* Main Street Venture Fund – Fort Wayne, IN
* Marquette University Golden Angels Network – Milwaukee, WI
* Medical Growth Fund – Cleveland, OH
* North Coast Angel Fund – Cleveland, OH
* Ohio TechAngels – Columbus, OH
* Phenomenelle Angels – Madison, WI
* Queen City Angels – Cincinnati, OH
* RAIN Source Capital – St. Paul, MN
* River Valley Capital – Montevideo, MN
* Rocket Ventures – Toledo, OH
* Silicon Pastures – Milwaukee, WI
* South Metro Investors – Burnsville, MN
* Stateline Angels – Rockford, IL
* Stepstone Angels – Indianapolis, IN
* Two Rivers Angel Investment Network – Mankato, MN
* Wisconsin Investment Partners – Madison, WI
* Angel Ventures Mexico
* Active Angel Investors – Vienna, VA
* BlueTree Allied Angels – Pittsburgh, PA
* Capital Access Network (Dingman Center of Entrepreneurship) – College Park, MD
* Delaware Crossing Investor Group – Doylestown, PA
* Jefferson Corner Group – Charlottesville, VA
* Jumpstart New Jersey Angel Network – Mt Laurel, NJ
* LORE Associates – Philadelphia, PA
* Mid-Atlantic Angel Group Fund I ( MAG ) – Philadelphia, PA
* Minority Angel Investor Network – Philadelphia, PA
* New Dominion Angels – Warrenton, VA
* Pittsburgh Equity Partners – Pittsburgh, PA
* Private Investors Forum – Jenkintown, PA
* Robin Hood Ventures – Wayne, PA
* Virginia Active Angel Network – Charlottesville, VA
* West Virginia Angel Network – Fairmont, WV
Midwest/ Great Plains
* 3C Capital Partners – Northfield, MN
* Billiken Angels – St. Louis, MO
* Centennial Investors – Columbia, MO
* FM Angel Investment Fund – Fargo, ND
* Great Opportunities – Aberdeen, SD
* Louisville Angel Investor Network – Louisville, KY
* Mid-America Angels – Lenexa, KS
* Nebraska Angels Inc – Lincoln, NE
* Northern Plains Investment – Bismarck, ND
* P3 Alliance – Indianapolis, IN
* Seedstep Angels – Oklahoma City, OK
* Show Me Angels – Kansas City, MO
* St. Louis Arch Angels – St. Louis, MO
* Valley Angel Investment Fund – Grand Forks, ND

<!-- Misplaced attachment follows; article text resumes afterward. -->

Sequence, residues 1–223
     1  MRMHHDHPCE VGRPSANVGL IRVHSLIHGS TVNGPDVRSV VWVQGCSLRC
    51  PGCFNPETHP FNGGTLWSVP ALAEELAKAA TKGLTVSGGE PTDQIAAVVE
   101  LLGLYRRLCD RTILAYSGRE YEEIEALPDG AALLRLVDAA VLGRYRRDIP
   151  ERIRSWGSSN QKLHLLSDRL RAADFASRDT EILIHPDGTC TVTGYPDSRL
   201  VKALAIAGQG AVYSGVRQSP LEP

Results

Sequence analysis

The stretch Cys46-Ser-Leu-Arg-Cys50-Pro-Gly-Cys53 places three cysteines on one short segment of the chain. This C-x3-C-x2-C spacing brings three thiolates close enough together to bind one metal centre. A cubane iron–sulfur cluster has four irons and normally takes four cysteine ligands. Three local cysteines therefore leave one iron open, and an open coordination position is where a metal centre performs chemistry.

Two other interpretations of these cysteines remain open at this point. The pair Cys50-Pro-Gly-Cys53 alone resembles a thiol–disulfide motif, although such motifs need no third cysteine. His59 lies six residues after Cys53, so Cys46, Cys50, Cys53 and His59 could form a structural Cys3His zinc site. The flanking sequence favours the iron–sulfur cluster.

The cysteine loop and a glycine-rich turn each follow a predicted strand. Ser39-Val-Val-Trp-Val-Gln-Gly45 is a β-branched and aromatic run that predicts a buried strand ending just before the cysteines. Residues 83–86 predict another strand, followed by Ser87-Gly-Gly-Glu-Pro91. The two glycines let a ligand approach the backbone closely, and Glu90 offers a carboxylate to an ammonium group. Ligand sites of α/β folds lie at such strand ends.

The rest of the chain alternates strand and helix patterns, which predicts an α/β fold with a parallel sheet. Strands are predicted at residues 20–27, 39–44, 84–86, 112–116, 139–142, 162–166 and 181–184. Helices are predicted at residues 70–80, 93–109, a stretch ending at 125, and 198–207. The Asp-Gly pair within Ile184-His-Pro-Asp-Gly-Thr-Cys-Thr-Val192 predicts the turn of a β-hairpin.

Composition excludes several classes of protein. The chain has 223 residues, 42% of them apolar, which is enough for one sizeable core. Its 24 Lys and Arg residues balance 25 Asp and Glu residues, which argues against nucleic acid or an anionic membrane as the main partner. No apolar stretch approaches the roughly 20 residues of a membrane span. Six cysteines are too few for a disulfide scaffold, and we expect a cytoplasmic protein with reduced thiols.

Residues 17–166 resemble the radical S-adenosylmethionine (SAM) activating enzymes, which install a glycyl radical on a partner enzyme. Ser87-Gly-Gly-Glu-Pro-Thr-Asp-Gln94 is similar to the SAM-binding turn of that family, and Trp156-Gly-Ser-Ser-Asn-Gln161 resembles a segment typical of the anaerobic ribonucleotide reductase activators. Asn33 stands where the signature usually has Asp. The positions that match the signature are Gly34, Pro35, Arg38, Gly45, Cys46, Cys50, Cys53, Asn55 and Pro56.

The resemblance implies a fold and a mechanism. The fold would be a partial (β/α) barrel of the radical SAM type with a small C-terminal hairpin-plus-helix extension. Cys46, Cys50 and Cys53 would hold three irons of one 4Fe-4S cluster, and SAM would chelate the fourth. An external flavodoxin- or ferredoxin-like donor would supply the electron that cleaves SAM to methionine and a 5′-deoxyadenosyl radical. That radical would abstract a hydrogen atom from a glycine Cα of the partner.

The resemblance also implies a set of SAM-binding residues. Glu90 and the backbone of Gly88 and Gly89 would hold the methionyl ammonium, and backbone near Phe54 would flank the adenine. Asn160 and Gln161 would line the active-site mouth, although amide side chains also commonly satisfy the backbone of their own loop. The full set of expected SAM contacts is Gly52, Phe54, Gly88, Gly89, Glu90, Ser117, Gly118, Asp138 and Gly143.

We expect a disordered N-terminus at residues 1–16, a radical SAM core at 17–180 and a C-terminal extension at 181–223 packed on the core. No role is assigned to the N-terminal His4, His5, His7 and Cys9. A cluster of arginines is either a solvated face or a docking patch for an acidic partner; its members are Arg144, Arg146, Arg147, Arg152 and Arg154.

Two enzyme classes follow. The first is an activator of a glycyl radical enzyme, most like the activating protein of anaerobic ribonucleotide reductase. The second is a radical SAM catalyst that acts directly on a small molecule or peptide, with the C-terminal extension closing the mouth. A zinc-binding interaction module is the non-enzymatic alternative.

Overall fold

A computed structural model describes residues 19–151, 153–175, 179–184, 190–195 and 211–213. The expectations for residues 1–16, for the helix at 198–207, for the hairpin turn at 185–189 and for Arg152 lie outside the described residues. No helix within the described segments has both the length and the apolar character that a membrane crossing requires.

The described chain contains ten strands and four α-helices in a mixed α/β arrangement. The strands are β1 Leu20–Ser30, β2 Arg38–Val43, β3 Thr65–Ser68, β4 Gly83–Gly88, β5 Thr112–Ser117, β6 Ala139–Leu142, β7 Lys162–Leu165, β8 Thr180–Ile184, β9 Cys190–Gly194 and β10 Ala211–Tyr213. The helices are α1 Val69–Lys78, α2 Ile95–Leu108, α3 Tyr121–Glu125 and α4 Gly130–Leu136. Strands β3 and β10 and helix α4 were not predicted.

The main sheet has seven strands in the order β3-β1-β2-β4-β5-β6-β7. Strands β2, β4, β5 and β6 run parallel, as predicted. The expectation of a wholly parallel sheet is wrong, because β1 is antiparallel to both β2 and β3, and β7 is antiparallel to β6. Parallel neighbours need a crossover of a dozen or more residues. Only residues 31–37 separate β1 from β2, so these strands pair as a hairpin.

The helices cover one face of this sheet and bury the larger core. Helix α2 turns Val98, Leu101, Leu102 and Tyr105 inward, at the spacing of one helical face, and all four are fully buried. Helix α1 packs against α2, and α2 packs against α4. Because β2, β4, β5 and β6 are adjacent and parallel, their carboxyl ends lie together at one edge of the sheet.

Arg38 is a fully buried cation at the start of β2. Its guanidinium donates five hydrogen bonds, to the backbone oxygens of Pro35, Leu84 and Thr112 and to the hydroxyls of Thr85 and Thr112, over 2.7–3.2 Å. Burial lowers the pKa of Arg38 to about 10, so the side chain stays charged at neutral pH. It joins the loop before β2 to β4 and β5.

* Wildcat Angels – Evanston, IL
* Women’s Capital Connection – Lenexa, KS
* ECS Angels – Bar Harbor, ME
* Health Care Angel Group – Houston, TX
* Investors Circle – San Francisco, CA
* Angel Investor Forum – East Hartford, CT
* Bay Angels – Cape Cod, MA
* Beacon Angels – Boston, MA
* Boston Harbor Angels – Boston, MA
* Boynton Angels – Worcester, MA
* Cherrystone Angel Group – Providence, RI
* CommonAngels – Lexington, MA
* eCoast Angels – Portsmouth, NH
* Golden Seeds LLC – Stamford, CT and Boston, MA
* HubAngels – Brookline, MA
* Landmark Angels – Greenwich, CT
* Launchpad Venture Group – Wellesley, MA
* Maine Angels – Portland, ME
* Race Point Capital Group LLC – Newton, MA
* River Valley Investors – Springfield, MA
* Walnut Venture Associates – Wellesley Hills, MA
* Golden Seeds – New York, NY
* Long Island Angel Network – Melville, NY
* New York Angels – New York, NY
* Rochester Angel Network – Rochester, NY
* Seed Capital Fund of CNY – Syracuse, NY
* Tech Valley Angel Network – Albany, NY
* Alliance of Angels – Seattle, WA
* Bellingham Angel Group – Bellingham, WA
* Boise Angel Alliance – Boise, ID
* Northwest Energy Angels – Maple Valley, WA
* Oregon Angel Fund – Portland, OR
* Puget Sound Venture Club – Bellevue, WA
* Seraph Capital Forum – Seattle, WA
* Tacoma Angel Network – Tacoma, WA
* WINGS – Seattle, WA
* Angel Capital Group – Hendersonville, TN
* Ariel Savannah Angel Partners – Savannah, GA
* Atlanta Technology Angels – Atlanta, GA
* Birmingham Angel Network – Birmingham, AL
* Emergent Growth Fund – Gainesville, FL
* Fund for Arkansas’ Future – Little Rock, AR
* Georgia Angel Investor Network – Savannah, GA
* Go Beyond Network – Naples, FL
* Gulf Coast Venture Forum – Naples, FL
* Huntsville Angel Network – Huntsville, AL
* Inception Micro Angel Fund – Family of Funds – Winston-Salem, NC
* Mississippi Angel Network – Ridgeland, MS
* Nashville Capital Network – Nashville, TN
* New World Angels – Boca Raton, FL
* Piedmont Angel Network – Greensboro, NC
* Seraph Group – Atlanta, GA
* South Coast Angel Fund – New Orleans, LA
* Springboard Capital – Jacksonville, FL
* Triangle Accredited Capital Forum – Wake Forest, NC
* Upstate Carolina Angel Network – Greenville, SC
* Virginia Active Angel Network – Charlottesville, VA
* Wilmington Investor Network – Wilmington, NC
* Arizona Angels – Scottsdale, AZ
* Arizona Technology Investor Forum (ATIF) – Tempe, AZ
* Central Texas Angel Network – Austin, TX
* Concho Valley Angel Network – San Angelo, TX
* Desert Angels – Tucson, AZ
* Houston Angel Network – Houston, TX
* New Mexico Angels Inc – Albuquerque, NM
* North Texas Angel Network – Fort Worth, TX
* Startech – San Antonio, TX
* Frontier Angel Fund – Kalispell, MT
* Hawaii Angels – Honolulu, HI
* Sierra Angels – Incline Village, NV
* Vegas Valley Angels – Las Vegas, NV
Capital Source and Matching Databases
* Angel Capital Education Foundation – Listing of all angel groups in North America, (that we know about)